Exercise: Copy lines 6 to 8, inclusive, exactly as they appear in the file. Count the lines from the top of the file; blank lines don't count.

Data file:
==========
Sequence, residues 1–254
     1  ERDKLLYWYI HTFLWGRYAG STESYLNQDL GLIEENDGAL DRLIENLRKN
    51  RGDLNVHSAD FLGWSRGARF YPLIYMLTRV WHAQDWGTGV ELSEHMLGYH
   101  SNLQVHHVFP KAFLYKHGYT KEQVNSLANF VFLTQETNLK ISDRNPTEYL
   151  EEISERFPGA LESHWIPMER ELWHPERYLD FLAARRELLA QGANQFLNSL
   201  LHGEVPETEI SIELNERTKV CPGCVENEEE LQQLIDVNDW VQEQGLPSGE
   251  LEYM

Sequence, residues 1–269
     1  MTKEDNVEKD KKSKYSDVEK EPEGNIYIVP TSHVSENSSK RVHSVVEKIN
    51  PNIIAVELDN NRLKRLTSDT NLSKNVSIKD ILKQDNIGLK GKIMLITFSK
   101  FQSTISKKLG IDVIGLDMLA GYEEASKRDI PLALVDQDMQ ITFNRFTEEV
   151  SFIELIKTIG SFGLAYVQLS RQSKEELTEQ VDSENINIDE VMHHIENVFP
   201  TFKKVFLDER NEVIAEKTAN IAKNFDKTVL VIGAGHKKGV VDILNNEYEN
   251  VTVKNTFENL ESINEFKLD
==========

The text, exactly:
   201  LHGEVPETEI SIELNERTKV CPGCVENEEE LQQLIDVNDW VQEQGLPSGE
   251  LEYM

Sequence, residues 1–269